As I was soaking up the serenity of nature, I was amazed at how quiet it was considering the proximity to busy civilization.   Natural areas within the city limits are a great respite from the city, but they often can’t escape the noise of the city. Somehow this park did and it was nice to fully immerse myself in the surroundings without the distractions of civilization.  apoxee water

The park is named Apoxee Park.  Apoxee (pronounced Ah-po-ee) means Beyond Tomorrow in the Miccosukee language and is the first of the City of West Palm Beach’s urban wilderness parks. Unique to the park is they use the wetlands to provide a new water supply (maximum 10 million gallons per day) in order to achieve both urban and environmental water sustainability.

apoxee owlFrom the parking lot, the trail is paved and shortly after provides two options; a paved loop or a dirt path to the right.  The paved portion is a short loop through pine and oak trees.  If you go in the late afternoon, you’ll hear the calls of the Great Horned owls echoing through the trees.  I was lucky to actually see and photograph both of them.  It is amazing that such a large, majestic bird can fly so silently.

You can walk the paved path in about ten minutes or so depending on if the owls are there. The dirt path is a much longer trail that is suitable for hiking and biking.

The dirt path is narrow and tree lined with occasional openings to catch a glimpse of the water.  A boardwalk here and there provides unobstructed views of the lakes.  Benches are strategically placed along the way to sit and enjoy the view of the water or just enjoy the sunshine. One of these benches amidst some trees was the perfect lunch spot.

Shortly after crossing the power line road, the trail forks and fortunately there is a big sign and a map. I took the right loop and found a long L – shaped boardwalk that traverses one of the lakes. Throughout the water is a variety of plant life that provides a carpet like covering on the bottom. The plant life is so thick in areas, it looks like small canyons under water.  Most rivers in the area have tannin (decaying plant material) so the water isn’t clear. Here the water is crystal clear and all the fish, plants and other inhabitants were visible.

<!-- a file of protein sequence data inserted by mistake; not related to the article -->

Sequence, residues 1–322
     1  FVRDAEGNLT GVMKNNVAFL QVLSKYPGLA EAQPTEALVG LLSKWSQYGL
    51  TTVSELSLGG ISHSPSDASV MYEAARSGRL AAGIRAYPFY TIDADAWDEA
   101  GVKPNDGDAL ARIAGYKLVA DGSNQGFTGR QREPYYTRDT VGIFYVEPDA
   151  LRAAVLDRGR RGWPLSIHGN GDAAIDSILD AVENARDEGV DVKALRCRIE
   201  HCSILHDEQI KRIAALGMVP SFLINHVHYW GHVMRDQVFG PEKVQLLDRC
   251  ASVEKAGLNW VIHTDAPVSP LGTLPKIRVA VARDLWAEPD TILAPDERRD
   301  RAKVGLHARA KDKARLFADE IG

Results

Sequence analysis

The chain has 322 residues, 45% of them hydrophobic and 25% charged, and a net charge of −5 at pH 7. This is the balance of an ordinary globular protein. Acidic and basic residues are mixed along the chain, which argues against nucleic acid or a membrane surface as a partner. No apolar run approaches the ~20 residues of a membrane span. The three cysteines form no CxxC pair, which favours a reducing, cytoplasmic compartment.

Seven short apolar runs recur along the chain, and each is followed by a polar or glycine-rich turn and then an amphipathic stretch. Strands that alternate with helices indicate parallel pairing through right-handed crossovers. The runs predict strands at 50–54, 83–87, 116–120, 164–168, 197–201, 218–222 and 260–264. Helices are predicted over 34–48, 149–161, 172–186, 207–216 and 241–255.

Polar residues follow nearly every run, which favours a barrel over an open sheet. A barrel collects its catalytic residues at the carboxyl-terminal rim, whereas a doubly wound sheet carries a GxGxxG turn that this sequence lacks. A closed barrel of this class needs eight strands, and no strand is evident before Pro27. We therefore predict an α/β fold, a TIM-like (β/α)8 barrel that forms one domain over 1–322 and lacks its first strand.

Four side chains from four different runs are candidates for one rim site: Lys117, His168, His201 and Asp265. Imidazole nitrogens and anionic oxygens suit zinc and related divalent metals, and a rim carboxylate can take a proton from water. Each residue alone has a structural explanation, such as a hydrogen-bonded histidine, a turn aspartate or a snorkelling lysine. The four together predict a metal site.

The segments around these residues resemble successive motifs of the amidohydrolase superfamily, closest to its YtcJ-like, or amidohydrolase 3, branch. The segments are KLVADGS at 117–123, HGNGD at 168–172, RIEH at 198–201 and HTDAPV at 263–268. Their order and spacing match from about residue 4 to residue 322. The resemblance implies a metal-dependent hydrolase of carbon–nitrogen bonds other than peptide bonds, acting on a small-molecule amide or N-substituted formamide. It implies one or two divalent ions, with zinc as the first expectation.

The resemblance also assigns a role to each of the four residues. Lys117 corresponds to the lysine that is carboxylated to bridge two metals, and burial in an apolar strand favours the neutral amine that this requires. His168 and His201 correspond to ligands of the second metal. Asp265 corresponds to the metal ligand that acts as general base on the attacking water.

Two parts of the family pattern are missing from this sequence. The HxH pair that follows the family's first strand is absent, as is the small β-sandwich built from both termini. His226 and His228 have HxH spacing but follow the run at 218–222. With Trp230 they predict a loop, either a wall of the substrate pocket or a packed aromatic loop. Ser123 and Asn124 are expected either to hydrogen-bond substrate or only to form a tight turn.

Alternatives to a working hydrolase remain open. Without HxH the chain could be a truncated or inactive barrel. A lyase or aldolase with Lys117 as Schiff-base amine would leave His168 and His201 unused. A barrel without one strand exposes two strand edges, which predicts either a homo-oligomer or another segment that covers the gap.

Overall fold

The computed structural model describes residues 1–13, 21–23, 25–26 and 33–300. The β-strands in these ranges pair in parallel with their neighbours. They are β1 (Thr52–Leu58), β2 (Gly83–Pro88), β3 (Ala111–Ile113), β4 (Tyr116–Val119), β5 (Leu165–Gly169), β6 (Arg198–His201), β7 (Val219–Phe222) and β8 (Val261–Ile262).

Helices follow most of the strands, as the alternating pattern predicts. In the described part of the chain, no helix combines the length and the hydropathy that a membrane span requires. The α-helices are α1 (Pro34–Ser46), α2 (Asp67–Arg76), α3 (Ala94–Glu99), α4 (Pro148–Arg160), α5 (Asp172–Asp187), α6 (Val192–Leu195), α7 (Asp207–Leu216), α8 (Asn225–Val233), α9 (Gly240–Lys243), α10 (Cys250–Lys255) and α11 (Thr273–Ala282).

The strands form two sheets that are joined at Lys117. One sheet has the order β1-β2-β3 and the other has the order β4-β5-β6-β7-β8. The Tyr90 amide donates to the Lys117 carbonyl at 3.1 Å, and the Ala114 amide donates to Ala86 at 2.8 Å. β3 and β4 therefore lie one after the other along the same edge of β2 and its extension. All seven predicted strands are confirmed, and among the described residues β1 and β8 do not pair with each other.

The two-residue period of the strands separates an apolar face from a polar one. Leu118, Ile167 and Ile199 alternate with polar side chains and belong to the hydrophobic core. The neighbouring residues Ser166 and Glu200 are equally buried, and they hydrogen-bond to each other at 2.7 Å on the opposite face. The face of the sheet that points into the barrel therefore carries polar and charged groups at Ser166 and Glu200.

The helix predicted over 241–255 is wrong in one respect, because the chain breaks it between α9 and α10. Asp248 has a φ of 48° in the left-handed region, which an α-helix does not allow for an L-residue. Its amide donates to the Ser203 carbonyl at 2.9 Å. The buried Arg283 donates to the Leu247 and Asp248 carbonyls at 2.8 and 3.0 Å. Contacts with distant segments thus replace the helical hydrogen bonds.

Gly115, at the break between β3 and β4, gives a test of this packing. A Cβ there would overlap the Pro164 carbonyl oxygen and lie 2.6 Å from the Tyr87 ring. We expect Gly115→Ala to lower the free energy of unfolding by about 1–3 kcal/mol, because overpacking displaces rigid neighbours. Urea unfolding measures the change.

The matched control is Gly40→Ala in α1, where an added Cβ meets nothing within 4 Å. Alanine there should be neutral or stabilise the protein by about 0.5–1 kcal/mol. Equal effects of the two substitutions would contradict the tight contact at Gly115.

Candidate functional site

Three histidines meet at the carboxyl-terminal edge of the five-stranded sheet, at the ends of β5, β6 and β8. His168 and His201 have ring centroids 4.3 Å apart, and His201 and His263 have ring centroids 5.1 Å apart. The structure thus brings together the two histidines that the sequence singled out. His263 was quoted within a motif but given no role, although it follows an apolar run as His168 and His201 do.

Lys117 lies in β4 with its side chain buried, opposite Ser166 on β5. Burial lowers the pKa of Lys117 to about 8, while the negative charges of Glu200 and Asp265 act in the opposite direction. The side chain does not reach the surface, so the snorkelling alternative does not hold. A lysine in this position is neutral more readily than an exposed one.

The boardwalk dead ends into another tree lined dirt trail which is flat, straight and the perfect place to ride a bike. According to the map this trail stretches for  few miles if not more.  On the other side of this trail is another lake full of lily pads, birds and trees.  The serene view, gentle wind through the trees, and warm sun made for perfect place to just relax.  A strategically placed bench was the perfect place to hang out and enjoy the view. apoxee trail

According to the map, the trails extend for many more miles so I’ll be back with my bike to continue exploring and will provide an update.   Apoxee park is a nice oasis for a gentle walk, a medium hike, biking, or birding all right in the middle of town.

Here’s a short video of the boardwalk: http://youtu.be/THrKrn9iRRg:

For more info on the park: www.wpb.org/park/apoxee-park/